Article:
Behind me in the winding queue, an old man started singing. “We three kings of Orien Tar, one in a taxi, one in a car…” I turned round, and completed it. “One on a scooter, blowing his hooter” and he pointed to the button on his electric mobility vehicle. He was thinking of Christmas, he said, because his wife was buying presents.
-Those look nice. Are they for you?
-Yes. I was looking for a pair of warm Granny slippers, and was pleasantly surprised by these, I said. They are fluffy inside and out, ankle-boots, black with lots of tiny gold-coloured metal bits like stars in the night. I also got socks.
Well. With his head at the level of my waist, he would notice my narrow hips first, and my white shirt and skinny jeans would not indicate I was female. Even my breasts- I was wearing breast forms, then chicken fillets, then padded bras, and sixteen years after starting hormones I finally started wearing an unpadded bra- would not indicate otherwise, when I turned round. So he started a conversation. I don’t mind speaking to people in the street, and he wasn’t actively unpleasant, just a bit mocking.
No real problem. He wasn’t loud, or violent, or scornful, and had he been I would not have been cowed; but he saw me buying slippers, and thought to remark on it. So, it’s almost all right, not quite normal, still remarkable but not entirely unpleasant: as an androgynous or effeminate man, I could buy styles I like, not have to alter my body, and suffer no more than a few impertinent remarks.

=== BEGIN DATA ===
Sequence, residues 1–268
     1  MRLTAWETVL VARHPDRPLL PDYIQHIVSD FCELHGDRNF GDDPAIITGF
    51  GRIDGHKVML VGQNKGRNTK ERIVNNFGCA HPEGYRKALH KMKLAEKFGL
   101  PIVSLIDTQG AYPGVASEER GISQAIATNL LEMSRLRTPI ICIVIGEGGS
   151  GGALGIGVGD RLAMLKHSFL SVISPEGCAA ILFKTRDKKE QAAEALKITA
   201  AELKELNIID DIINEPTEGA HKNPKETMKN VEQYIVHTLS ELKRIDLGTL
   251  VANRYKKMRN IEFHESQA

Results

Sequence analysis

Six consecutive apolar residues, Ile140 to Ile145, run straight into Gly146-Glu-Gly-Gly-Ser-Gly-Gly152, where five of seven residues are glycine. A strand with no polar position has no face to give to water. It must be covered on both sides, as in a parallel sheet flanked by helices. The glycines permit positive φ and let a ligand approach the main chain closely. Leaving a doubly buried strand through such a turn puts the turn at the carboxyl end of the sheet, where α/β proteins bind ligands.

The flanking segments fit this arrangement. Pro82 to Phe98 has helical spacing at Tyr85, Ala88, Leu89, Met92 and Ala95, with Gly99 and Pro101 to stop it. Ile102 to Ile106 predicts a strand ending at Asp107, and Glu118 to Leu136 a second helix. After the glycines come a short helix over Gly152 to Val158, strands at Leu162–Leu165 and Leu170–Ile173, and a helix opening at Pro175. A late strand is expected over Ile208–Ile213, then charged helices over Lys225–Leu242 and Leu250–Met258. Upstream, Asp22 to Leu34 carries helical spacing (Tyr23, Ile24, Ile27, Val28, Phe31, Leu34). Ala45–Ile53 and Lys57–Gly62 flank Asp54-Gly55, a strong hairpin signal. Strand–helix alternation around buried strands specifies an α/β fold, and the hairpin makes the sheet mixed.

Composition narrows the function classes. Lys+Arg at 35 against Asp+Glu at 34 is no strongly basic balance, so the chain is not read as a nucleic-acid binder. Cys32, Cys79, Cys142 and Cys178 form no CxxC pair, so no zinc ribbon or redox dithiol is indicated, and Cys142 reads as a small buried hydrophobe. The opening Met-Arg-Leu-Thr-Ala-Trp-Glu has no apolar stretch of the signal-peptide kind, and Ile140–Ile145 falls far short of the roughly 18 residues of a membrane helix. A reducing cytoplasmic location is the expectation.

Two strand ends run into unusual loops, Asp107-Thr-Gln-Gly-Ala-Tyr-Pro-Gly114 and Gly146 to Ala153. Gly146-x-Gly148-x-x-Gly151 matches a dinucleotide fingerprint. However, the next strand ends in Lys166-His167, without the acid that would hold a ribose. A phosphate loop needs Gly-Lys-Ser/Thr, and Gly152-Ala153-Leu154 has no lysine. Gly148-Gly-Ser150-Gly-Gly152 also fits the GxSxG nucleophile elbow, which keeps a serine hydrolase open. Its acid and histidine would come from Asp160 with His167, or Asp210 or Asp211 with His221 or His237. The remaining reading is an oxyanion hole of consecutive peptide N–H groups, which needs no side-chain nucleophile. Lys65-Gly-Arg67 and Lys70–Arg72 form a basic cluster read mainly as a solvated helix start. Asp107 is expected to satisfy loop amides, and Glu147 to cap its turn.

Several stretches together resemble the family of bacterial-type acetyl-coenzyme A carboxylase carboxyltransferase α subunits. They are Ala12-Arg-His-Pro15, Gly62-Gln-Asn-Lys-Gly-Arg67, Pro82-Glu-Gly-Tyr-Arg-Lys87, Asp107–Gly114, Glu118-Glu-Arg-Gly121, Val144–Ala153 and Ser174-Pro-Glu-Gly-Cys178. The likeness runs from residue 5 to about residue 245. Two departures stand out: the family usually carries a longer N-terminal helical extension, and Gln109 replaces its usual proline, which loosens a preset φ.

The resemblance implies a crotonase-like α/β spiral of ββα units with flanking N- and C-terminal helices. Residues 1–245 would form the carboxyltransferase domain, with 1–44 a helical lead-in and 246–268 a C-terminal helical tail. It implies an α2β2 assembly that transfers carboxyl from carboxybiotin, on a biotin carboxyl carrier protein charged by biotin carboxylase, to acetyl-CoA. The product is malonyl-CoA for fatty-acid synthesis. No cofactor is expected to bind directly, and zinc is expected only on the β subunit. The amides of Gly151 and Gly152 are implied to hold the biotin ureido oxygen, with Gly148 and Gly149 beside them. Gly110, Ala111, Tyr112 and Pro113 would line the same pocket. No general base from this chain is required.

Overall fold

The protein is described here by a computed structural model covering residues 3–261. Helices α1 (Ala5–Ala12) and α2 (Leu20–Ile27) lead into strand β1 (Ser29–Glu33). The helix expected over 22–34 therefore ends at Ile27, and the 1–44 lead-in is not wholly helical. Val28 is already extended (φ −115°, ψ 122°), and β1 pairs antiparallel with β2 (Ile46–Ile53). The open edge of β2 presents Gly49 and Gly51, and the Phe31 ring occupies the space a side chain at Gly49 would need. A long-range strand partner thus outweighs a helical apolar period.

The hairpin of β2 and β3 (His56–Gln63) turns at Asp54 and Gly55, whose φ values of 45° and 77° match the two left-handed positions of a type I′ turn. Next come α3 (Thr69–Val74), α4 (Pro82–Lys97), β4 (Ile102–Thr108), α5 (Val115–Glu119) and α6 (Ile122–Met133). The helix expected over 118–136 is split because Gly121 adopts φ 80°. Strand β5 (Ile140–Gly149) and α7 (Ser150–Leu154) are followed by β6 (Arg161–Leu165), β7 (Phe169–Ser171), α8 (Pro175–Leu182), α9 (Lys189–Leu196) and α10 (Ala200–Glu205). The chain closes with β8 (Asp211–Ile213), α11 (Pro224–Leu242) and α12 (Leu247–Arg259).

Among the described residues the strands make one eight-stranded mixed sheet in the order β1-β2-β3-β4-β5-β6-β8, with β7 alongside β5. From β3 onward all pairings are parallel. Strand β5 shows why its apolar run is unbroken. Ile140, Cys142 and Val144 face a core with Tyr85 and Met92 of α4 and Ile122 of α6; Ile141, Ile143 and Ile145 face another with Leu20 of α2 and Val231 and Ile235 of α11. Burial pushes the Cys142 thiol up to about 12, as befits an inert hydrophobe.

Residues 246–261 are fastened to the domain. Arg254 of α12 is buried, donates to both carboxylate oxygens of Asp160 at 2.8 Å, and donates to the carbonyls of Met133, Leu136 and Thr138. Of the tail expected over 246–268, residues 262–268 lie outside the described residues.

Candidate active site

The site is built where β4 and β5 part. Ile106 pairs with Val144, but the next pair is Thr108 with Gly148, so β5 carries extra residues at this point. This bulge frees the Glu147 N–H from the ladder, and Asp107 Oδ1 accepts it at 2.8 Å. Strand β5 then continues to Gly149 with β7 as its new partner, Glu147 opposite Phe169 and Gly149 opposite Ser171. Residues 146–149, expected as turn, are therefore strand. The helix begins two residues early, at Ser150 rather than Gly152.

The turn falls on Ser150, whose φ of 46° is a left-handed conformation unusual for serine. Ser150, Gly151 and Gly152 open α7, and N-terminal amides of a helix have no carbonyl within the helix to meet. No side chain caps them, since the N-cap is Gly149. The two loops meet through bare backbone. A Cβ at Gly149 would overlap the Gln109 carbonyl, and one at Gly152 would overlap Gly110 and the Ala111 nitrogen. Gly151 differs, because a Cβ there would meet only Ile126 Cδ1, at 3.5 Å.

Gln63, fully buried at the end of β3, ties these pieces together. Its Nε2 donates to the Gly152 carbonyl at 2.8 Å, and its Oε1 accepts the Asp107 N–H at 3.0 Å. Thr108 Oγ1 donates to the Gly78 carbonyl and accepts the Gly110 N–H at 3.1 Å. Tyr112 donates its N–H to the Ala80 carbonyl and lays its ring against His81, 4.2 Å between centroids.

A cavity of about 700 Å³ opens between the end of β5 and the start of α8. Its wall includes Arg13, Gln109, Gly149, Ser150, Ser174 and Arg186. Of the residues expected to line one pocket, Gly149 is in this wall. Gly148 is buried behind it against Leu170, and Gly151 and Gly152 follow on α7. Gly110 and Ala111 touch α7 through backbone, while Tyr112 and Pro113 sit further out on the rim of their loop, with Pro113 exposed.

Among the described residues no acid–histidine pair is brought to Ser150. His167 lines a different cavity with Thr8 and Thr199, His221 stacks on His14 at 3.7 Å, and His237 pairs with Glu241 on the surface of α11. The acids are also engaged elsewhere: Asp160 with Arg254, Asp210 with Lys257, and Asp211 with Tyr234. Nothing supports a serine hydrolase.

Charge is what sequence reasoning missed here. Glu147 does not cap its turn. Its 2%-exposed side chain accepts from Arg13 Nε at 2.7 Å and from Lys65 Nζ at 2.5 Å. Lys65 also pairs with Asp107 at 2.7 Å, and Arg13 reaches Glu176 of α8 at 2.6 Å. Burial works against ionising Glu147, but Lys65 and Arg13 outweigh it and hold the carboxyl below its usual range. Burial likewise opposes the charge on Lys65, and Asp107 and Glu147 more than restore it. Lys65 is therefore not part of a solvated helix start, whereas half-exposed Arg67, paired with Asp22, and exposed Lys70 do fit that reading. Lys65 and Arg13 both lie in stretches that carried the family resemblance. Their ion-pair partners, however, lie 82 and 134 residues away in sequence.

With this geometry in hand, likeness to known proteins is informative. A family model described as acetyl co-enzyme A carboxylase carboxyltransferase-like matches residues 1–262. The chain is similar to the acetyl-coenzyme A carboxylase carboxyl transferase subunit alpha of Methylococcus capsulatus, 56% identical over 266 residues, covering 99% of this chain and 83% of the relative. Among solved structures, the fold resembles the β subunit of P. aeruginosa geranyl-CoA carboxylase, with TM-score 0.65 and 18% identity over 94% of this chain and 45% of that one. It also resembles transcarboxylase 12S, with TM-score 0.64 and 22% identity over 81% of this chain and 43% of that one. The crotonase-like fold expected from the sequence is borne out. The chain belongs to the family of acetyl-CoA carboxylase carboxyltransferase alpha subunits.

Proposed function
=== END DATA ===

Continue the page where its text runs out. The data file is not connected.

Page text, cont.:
There had been a man over by the sale rail, looking through women’s garments. Final reductions were up to 75%, and I saw a pretty t-shirt for a fiver. I queued for the fitting rooms. All were occupied, and I thought of saying to the woman that I could try it on in the corridor. After all, there are no men here. She said someone would be out in a minute. Then I looked at the shirt again. I had thought it looked a bit small for the size 16 marked on the coathanger, and the label inside says it is 8. I did not try it on.
It is a lovely day. I cycled back by the stony track, saying good morning to the occasional walker or cyclist. There’s a Primark there, I could get a coat quite cheaply, and even Marks has cheap lines, jeggings for £15. A. was complaining that Marks had closed in Nupton, and it’s also closed in Kettledrum. You could get a bus to the out of town shopping centre, but it takes an hour. I would rather the shops were in towns, and as for online shopping, how can you get clothes to fit?
In the pharmacy, I asked the pharmacist if she could recommend a doctor from the local practice. She could not, she was not allowed to, she said. She thought I objected to one because he had dismissed my being trans. I knew that from her sympathetic tone and words she used which I cannot precisely remember. In that case, it was not specifically about being trans, possibly about being seen as unimportant, but that was her assumption.